The Lions backfield might be even messier than Washington's. Kevin Smith is harder to like at his 6th/7th round ADP with his twisted ankle and Mikel Leshoure looking pretty good in limited preseason action. I'm very interested to see which of Joique Bell and Keiland Williams make the roster, because I think that any competent back can put up numbers in spread attack.

Green Bay Packers

I was glad to see Greg Jennings back on the field after his two-week absence due to a concussion, but it is still a red flag on his draft stock in my book. The news out of Green Bay hinted at frustration on Jennings' part and a longer than expected recovery time. I have a feeling his next concussion will sideline him for a lot longer than two weeks. I wouldn't take him until the 4th, or maybe even 5th round.

The flip side of that is that James Jones should be on your late round target list. Jones was the second best receiver in camp, according to some reports, and he could even have value with Jennings in the lineup as the third receiver in a potent pass offense. Randall Cobb has more raw talent, but he didn't look ready for a bigger role in the preseason.

I chuckled at Cedric Benson's rise up the boards when Green Bay signed him. He was running in wet cement in Cincinnati and the Packers do not commit to the run. Benson's strong running and the Packers installing him as the lead back made me open to the idea that Benson will have value this year. I still wouldn't take him in the 7th/8th (his latest ADP), but perhaps he really is a changed man after having watch camps open from home. He might be the Packers version of Benjarvus Green-Ellis, who replaced him with the Bengals.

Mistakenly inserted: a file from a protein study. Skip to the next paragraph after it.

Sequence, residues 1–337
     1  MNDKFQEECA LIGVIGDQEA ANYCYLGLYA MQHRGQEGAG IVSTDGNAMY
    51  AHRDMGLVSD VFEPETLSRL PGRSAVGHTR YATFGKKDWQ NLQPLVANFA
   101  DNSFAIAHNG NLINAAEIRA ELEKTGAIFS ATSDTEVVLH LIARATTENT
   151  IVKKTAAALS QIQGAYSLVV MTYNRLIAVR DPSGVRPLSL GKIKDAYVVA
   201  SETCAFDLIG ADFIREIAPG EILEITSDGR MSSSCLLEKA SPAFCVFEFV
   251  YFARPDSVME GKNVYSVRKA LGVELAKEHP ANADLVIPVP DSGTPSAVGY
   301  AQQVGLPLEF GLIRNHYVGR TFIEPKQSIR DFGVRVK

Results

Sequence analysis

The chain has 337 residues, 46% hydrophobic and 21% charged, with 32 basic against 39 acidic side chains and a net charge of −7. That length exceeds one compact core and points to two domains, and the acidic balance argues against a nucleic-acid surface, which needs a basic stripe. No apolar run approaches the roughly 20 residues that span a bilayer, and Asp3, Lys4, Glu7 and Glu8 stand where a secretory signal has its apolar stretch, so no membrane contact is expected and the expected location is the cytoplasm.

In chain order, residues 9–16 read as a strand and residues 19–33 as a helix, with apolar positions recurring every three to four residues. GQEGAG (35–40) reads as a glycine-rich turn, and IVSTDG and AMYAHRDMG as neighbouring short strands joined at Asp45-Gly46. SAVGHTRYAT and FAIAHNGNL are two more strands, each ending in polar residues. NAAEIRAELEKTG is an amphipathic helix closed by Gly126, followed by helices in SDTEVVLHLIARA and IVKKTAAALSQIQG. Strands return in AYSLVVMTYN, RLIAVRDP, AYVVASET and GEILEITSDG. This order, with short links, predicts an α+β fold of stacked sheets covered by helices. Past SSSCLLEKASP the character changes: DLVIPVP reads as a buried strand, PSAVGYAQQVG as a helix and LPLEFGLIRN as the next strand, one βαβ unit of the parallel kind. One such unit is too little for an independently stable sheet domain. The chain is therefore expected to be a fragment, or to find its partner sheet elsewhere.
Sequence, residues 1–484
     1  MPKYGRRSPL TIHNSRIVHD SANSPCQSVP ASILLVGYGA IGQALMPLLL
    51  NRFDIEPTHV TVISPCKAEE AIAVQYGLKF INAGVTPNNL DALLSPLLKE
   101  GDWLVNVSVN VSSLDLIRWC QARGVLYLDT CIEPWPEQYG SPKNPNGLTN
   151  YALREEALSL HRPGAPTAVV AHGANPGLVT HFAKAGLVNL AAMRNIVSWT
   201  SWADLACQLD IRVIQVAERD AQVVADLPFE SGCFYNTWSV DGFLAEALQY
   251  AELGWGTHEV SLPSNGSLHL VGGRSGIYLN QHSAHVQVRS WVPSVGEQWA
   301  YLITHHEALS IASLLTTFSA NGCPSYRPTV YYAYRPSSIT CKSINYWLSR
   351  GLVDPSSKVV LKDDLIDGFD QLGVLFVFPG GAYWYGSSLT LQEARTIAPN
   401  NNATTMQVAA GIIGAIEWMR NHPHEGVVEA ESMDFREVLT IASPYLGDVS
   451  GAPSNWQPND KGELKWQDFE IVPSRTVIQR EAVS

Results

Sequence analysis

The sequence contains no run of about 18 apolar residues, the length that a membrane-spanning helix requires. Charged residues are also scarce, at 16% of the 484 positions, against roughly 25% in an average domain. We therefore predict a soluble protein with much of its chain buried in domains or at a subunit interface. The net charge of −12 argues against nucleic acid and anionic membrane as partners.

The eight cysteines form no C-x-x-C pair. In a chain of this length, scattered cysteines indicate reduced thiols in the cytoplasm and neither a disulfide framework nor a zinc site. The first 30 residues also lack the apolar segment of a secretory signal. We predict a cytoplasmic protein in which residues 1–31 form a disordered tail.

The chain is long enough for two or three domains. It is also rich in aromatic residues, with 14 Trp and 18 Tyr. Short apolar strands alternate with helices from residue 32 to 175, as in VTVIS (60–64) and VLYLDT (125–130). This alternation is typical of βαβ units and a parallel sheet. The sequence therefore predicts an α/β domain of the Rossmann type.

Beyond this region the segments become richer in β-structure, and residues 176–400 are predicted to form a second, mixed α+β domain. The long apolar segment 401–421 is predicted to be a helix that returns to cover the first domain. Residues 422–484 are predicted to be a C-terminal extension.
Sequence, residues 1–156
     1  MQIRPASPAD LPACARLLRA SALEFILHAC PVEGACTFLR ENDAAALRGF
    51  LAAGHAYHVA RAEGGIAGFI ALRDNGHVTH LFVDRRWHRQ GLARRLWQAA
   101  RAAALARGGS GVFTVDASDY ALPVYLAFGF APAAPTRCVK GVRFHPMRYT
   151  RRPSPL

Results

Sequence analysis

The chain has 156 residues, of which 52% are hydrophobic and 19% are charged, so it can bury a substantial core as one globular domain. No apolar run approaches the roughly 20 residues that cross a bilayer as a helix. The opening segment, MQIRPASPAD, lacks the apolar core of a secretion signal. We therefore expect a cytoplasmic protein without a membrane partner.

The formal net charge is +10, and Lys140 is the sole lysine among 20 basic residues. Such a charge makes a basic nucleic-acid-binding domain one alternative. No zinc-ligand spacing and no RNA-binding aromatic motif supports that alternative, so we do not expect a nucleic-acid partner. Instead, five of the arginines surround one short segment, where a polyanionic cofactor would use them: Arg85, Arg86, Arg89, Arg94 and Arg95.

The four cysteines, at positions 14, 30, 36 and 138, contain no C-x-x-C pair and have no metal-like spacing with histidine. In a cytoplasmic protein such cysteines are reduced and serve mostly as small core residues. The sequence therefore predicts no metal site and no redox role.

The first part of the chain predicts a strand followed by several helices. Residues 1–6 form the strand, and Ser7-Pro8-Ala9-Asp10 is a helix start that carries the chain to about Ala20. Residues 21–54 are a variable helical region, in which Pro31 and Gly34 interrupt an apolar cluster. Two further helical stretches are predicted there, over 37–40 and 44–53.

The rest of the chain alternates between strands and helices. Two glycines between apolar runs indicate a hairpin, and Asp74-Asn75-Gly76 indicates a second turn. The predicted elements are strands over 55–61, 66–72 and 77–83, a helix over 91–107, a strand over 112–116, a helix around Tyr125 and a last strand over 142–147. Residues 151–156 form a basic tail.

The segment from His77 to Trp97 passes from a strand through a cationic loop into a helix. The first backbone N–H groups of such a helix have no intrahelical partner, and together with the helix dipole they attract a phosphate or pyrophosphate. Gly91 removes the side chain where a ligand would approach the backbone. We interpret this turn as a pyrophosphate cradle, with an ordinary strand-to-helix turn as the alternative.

Minnesota Vikings

Christian Ponder hasn't gotten much publicity, and he isn't even getting drafted in the top 200, but he could have decent fantasy backup value this year with a full offseason under his belt. He'll have an improved set of weapons once Jerome Simpson's three-game suspension is over.

Simpson could be a valuable player to stash in deeper leagues, but in short bench leagues, he's not worth drafting and costing yourself an important roster spot to have for churning through early season waiver wire wonders.

Kyle Rudolph might be the single best value on the entire tight end draft board. You can get him in the 13th round, making him the easy target in the 11th or 12th if you go without a tight end in the first 10 rounds. Rudolph has tremendous size and ball skills, and he is finally 100% after a gnarly hamstring tear that pulled the muscle away from the bone in 2010. He is going to be the #2 option in the passing game.

It's so hard to bet against Adrian Peterson. Unless he has a setback and is forced to miss games, I have a feeling everyone who took him in the third round will be very, very happy. All Day has one setting, All Out. Toby Gerhart is going to be a wasted pick unless Peterson re-injures the knee. If you trust Peterson enough to take him in the 2nd/3rd, then spending a 10th/11th on Gerhart contradicts that belief. Take someone who can be productive while Peterson is also producing for you.

As always, thanks for reading. Questions, comments and suggestions are always welcome to bloom@footballguys.com.